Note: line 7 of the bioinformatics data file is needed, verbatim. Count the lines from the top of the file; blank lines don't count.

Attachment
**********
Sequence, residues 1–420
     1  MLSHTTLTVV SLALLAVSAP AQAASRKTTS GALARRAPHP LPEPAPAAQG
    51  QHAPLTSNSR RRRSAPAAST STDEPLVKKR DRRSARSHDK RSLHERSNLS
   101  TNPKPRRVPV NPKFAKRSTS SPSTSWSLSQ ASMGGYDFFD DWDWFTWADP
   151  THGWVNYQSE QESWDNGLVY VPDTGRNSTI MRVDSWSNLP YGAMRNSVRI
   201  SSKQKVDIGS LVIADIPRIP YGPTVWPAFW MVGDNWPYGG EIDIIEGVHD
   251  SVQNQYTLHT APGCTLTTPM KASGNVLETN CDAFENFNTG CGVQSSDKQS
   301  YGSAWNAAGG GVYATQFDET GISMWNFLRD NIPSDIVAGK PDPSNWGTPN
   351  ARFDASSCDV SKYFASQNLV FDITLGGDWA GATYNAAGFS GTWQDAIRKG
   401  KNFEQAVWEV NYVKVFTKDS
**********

   251  SVQNQYTLHT APGCTLTTPM KASGNVLETN CDAFENFNTG CGVQSSDKQS